Thursday, March 31, 2011

Good and Bad

As I walked on campus today, I chanced to pass a couple--a young man and an older woman--who were in earnest conversation.

"For every good person in the world," I heard the woman say, "There is a bad one."

Who knows how this fits into a context? I certainly do not. It was just a snippet of sound; a brief glimpse into other lives in a passing moment. What I heard, however, was enough to make me wonder.

Is that true? Are there an equal number of good and bad people in the world? No? Then, is it more or less? Can you even quantify something like that?

Of course not. We need venture no further than the question of who gets to decide about the definition of good and bad to completely derail this as some sort of logical inquiry.

But, the question remained in my mind as I walked along today. It was a beautiful day, full of sunshine, with warm fragrant spring air filling my senses. No need to worry about such things.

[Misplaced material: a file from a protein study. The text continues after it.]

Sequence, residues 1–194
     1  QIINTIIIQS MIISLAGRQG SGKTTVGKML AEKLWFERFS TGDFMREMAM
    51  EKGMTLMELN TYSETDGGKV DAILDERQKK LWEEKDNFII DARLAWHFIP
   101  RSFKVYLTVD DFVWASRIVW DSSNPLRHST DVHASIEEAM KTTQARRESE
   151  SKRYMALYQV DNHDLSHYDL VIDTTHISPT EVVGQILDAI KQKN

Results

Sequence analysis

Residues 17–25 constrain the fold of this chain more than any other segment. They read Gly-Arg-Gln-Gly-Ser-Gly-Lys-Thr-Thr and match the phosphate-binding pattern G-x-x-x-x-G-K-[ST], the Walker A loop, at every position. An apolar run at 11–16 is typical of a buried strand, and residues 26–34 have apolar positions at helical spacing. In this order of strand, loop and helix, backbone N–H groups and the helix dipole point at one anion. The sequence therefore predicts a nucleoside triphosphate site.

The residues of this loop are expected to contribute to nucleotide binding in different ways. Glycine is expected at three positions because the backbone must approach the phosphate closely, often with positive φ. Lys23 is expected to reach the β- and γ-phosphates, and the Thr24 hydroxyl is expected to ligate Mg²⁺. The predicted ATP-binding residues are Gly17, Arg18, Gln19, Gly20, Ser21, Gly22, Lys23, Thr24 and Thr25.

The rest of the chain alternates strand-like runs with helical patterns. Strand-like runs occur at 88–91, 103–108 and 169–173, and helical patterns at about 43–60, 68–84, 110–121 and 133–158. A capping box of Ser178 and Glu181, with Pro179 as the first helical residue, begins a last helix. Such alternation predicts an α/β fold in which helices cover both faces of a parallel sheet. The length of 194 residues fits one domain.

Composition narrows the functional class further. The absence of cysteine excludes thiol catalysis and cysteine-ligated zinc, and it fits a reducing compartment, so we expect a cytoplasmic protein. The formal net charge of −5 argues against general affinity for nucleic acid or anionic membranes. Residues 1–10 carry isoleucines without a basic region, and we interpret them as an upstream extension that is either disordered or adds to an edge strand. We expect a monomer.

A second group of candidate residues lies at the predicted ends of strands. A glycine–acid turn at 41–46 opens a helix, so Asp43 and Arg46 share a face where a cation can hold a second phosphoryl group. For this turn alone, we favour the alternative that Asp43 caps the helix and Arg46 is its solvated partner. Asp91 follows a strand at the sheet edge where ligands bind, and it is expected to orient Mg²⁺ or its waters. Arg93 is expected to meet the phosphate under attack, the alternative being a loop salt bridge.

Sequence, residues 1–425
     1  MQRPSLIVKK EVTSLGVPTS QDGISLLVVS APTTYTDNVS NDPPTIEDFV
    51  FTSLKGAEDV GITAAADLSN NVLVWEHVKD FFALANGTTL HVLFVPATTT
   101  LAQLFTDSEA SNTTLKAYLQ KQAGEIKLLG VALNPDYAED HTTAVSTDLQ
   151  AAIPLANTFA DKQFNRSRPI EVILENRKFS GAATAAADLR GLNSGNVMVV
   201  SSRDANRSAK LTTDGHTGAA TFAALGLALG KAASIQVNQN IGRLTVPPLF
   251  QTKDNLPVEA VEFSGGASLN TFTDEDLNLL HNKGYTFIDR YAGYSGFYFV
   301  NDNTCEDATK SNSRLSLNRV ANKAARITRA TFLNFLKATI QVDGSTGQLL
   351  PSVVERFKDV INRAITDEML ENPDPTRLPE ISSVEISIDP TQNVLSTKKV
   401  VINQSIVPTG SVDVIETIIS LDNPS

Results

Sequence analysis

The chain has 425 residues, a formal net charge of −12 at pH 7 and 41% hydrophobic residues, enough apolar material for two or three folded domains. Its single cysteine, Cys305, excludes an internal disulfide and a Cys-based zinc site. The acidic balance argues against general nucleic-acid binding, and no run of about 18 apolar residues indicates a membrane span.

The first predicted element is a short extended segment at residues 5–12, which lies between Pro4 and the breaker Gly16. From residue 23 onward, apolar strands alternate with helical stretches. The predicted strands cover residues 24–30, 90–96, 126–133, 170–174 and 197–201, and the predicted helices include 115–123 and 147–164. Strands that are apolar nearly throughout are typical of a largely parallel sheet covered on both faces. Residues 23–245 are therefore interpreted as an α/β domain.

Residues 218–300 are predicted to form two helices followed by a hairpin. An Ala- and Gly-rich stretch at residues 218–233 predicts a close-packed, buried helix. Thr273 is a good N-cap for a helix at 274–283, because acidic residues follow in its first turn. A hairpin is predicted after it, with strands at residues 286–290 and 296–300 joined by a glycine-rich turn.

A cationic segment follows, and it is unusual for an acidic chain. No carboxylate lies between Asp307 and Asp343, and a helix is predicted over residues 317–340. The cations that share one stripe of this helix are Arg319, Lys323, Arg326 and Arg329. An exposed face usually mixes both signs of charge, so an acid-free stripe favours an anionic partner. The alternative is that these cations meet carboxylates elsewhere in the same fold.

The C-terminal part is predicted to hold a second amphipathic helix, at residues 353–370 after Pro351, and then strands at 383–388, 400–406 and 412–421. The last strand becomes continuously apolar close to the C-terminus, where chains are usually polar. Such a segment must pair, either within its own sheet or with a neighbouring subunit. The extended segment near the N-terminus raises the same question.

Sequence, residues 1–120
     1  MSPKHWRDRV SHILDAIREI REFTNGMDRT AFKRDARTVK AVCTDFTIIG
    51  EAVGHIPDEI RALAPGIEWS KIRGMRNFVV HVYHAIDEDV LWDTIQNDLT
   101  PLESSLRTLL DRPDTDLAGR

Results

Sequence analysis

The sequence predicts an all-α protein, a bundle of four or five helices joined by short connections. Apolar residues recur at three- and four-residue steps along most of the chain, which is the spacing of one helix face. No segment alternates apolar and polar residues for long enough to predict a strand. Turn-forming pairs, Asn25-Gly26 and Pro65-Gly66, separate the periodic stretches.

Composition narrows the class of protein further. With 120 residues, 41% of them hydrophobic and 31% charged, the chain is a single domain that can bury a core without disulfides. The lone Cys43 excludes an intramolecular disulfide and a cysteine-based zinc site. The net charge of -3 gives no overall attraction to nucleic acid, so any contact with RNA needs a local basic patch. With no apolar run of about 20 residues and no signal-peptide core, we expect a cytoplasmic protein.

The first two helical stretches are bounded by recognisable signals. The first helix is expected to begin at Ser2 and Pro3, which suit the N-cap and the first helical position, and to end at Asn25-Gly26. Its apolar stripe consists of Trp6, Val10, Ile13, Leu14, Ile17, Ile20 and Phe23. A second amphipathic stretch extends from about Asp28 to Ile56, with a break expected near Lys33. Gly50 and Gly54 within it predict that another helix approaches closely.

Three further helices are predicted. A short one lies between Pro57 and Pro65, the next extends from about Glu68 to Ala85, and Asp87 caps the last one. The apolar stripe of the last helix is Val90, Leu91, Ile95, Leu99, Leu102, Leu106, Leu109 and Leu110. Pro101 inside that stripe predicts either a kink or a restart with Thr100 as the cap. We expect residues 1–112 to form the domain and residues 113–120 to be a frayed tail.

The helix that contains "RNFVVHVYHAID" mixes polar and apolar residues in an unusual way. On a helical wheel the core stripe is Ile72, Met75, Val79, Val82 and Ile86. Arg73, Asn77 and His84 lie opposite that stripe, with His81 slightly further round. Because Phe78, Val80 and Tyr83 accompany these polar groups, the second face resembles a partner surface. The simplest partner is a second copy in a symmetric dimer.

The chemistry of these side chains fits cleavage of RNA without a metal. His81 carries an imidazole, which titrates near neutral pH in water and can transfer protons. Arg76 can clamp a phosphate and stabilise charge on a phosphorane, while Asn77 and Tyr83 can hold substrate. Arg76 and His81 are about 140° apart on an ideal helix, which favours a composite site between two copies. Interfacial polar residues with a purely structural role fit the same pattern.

I'm home now and I've had a beer, and some time to think, but it doesn't look like I'm going to find my way on this. I want to be an optimist. I also want to be a realist. These two opposing goals have ever had me at odds with myself. It's been my personal dilemma--not unique, but personal, and therefore meaningful to me, and perhaps one or the other of my Dear Readers.

Still, in an instant, my first reckoning was quite telling, and, perhaps, just a bit too brutal.

Despite my good mood and the delightful day I thought the woman was being far too generous.

"She's wrong. 2:1 bad to good" I thought.

Then, I chastised myself. "No. Come on, it can't be that bad."

But, it isn't anything like, say, 2:1 good to bad. Can't be. Maybe the woman was right.

Even odds? Really?

Saturday, March 12, 2011

The Good Cookie

With so many celebrity chefs on television these days, it seems that there are as many ways to measure the skill of an individual as there are channels on the tube itself. Infinite.

But to my mind, there is one supreme test of culinary skill. While it can be done quickly, it doesn't have to be done in exactly thirty minutes. While it can be eclectic, it doesn't have to be quirky or even inventive. And while style can count, it is taste and texture that really measures the skill of the preparer.